Top 5 Strange Possessions of Famous Composers

Wednesday, March 19, 2014

Beethoven gives his ear trumpet a test drive Beethoven gives his ear trumpet a test drive (Artigus)

This week Q2 Music premiered its second season of Q2 Spaces, a tour of the studios and workspaces of contemporary composers. First up: Timo Andres and his Bedford-Stuyvesant pad.

Certainly, the fascination with the interiors of well-known artists' homes is nothing new, and possessions of long-deceased composers still captivate thousands of tourists who visit their former homes each year. As we tune into Spaces, we hope to discover items that are as equally interesting as these five unique belongings of composers that can be found at their former residences.

1. Beethoven's Ear Trumpets

The Beethoven Haus in Bonn is where the great composer was born, and since 1889, it’s housed a foundation dedicated to preserving his legacy.  Among the artifacts on display are a series of ear trumpets that the inventor Johann Nepomuk Maelzel (who created the metronome) made especially for the composer. Beethoven began using these devices in 1813, more than a decade after he realized he was going deaf. The trumpets only helped temporarily, as Beethoven’s hearing further deteriorated.


2. Wagner's Dog Whip

The lakeside house in Tribschen, Switzerland where Richard Wagner composed (and premiered) his Siegfried Idyll now contains a museum devoted to him. Among its collection of instruments, scores and other memorabilia is a dog whip that Wagner had for his beloved dog, a Newfoundland named Russ—who was buried at the feet of his master. The Guardian’s Tom Service came upon the curious item in its decorated case


3. Liszt's Bösendorfer Writing Desk

Throughout Franz Liszt’s career piano manufacturers competed for his favor, creating extra-sturdy and reinforced instruments to stand up to the virtuoso’s violent playing. A favorite manufacturer was Bösendorfer, and Ludwig Bösendorfer, son of the founder, befriended Liszt. One of the most unusual relics in the Franz Liszt Museum in Budapest is a custom-made Bösendorfer writing desk, which has three-octave keyboard embedded in its a top drawer to help him while writing his compositions.


4. Sibelius's Plumbing-Free Cabin

Jean Sibelius’s estate Ainola, about 25 miles north of Helsinki, is notable not for what it has but what it lacks. The silence-seeking composer was so intent on having quiet that he refused to install indoor plumbing in this wooden cabin overlooking Lake Tuusula. Pipes were finally installed after Sibelius’s death in 1957.


5. Bartok's Unlit Cigarette

Bela Bartok was another Hungarian with a fondness for Bösendorfer pianos. In 2006, the museum, which is based in Bartok’s final residence in Hungary, restored the instrument and during the process, found a cigarette inside of it. The unlit specimen is still on display along with the equipment he used to record folk songs, and an insect collection.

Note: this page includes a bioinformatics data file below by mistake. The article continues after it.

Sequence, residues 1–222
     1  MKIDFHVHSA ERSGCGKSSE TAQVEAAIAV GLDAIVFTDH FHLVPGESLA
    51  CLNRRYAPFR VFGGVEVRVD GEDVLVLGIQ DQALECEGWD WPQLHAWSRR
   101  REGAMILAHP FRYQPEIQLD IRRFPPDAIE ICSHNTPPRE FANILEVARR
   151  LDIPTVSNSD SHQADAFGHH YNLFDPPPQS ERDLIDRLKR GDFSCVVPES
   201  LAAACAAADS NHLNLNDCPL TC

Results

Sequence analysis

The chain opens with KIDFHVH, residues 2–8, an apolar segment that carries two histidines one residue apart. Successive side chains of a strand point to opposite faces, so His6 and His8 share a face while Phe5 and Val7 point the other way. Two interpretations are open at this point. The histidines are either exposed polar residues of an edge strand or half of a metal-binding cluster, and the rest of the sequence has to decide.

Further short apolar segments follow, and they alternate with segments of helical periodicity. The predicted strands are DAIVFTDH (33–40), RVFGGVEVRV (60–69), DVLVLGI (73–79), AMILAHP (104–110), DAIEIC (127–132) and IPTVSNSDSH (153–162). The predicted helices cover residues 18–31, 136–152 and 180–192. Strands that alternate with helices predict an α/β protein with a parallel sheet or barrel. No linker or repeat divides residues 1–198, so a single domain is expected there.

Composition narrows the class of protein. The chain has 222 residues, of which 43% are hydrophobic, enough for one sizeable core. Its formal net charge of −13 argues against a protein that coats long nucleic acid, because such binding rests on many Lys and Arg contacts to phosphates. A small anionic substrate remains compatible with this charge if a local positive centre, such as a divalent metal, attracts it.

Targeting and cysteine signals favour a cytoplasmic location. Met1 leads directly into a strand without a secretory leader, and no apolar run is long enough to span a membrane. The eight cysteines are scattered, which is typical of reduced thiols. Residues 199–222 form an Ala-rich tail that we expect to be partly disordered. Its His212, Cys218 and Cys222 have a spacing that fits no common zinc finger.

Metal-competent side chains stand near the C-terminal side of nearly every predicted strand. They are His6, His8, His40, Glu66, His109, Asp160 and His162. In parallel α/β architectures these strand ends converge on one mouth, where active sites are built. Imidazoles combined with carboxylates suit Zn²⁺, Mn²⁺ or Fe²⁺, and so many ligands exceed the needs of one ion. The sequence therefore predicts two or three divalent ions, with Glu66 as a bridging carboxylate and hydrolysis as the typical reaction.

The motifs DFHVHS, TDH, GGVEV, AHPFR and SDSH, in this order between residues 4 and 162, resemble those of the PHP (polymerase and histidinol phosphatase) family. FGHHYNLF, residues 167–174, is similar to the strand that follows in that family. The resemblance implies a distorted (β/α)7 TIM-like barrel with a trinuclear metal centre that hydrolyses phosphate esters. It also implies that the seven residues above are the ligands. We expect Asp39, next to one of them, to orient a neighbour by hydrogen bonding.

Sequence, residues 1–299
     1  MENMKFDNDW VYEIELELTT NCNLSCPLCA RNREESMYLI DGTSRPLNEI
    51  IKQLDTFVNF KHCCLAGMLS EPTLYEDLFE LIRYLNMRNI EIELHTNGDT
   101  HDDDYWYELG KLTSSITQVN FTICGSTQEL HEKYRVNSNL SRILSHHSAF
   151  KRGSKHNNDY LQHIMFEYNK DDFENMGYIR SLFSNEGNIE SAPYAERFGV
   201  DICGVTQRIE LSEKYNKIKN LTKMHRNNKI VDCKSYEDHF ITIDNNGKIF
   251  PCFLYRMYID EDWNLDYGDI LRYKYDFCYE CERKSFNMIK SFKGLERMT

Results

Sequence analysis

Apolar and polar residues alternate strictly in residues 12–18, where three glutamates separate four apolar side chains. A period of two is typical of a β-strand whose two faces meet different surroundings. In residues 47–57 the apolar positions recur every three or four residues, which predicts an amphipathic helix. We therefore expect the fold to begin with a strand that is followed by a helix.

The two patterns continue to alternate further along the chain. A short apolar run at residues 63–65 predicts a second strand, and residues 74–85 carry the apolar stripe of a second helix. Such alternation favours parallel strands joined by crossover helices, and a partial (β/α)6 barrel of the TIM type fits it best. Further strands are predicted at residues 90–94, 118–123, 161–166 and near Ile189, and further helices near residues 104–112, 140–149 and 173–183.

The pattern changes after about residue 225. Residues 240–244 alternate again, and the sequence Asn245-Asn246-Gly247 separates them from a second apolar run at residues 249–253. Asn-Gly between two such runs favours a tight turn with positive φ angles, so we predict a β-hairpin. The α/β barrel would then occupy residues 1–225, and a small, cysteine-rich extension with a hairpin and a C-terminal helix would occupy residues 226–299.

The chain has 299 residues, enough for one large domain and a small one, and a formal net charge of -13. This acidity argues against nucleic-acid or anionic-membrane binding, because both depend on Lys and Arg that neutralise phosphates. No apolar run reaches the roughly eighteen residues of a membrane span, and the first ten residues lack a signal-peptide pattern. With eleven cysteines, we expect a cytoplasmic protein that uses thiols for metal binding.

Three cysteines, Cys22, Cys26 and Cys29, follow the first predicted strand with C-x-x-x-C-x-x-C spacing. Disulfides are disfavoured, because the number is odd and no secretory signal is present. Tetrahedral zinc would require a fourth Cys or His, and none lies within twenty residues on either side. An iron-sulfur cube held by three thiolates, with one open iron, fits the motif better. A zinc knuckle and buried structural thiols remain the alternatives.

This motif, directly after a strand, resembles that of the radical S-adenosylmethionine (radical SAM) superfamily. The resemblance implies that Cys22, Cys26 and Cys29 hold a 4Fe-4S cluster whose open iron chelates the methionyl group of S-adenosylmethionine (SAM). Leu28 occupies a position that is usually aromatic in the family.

What other curious items of composers tell us something about their work or personalities? Please leave your suggestions below.

Photo credits 1. In Mozart’s Footsteps 2. Alex Ross


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Comments [5]

Heather Chapman from Falls Village CT

I visited Sibelius' home ten years ago. It was charming with a beautiful perennial garden outside.

Mar. 22 2014 02:00 PM
Alan Sperber from Manhattan

I'd like to see two composer's radios: 1)The maid's radio in the kitchen of his home in West Redding,Ct, on which Charles Ives heard the world premiere of his Second Symphony played on a Sunday afternoon broadcast by the New York Philharmonic under Leonard Bernstein in 1951, and 2) the radio on which Bela Bartok heard the Seventh Symphony of Dmitri Shostakovich while spending the summer of 1942 in Saranac Lake, NY, and he later parodied in the "intermezzo interrotto" movement of his "Concerto For Orchestra"

Mar. 20 2014 07:28 PM
Dr.Pesach Schindler from Jerusalem,Israel

My beloved teacher at Brooklyn College Prof.Benjamin Grosbayne shared the following with his class:When he was conducting the Victor Herbert Operetta orchestra on tour, he noted that one of his cellists-a superb musician- would gradually slip into false entries and careless intonation as the performance proceeded from Overture to the finale.
A subsequent investigation revealed:
The cellist had developed a drinking problem.He designed a leather pouch which was filled with his personal "bar."
This was attached to the rear of his instrument from which a rubber tube hidden along the finger board siphoned to him his favorite drink !

Mar. 20 2014 03:31 PM
jeff from Jerusalem, Israel

Given that Wagner was a virulent anti-semite and that he treated most people with disdain and even cruelly, I think his dog got off relatively easily!

Mar. 20 2014 05:27 AM

"Wagner's whip for his beloved Newfoundland dog ... The whip is mounted in a kitschy gilded frame ...

The idea of whipping dogs seems today just a trifle cruel, but Wagner was devoted to Russ ..."

*Seems* cruel? Only a *trifle* cruel? {{sigh}}


Mar. 20 2014 02:45 AM

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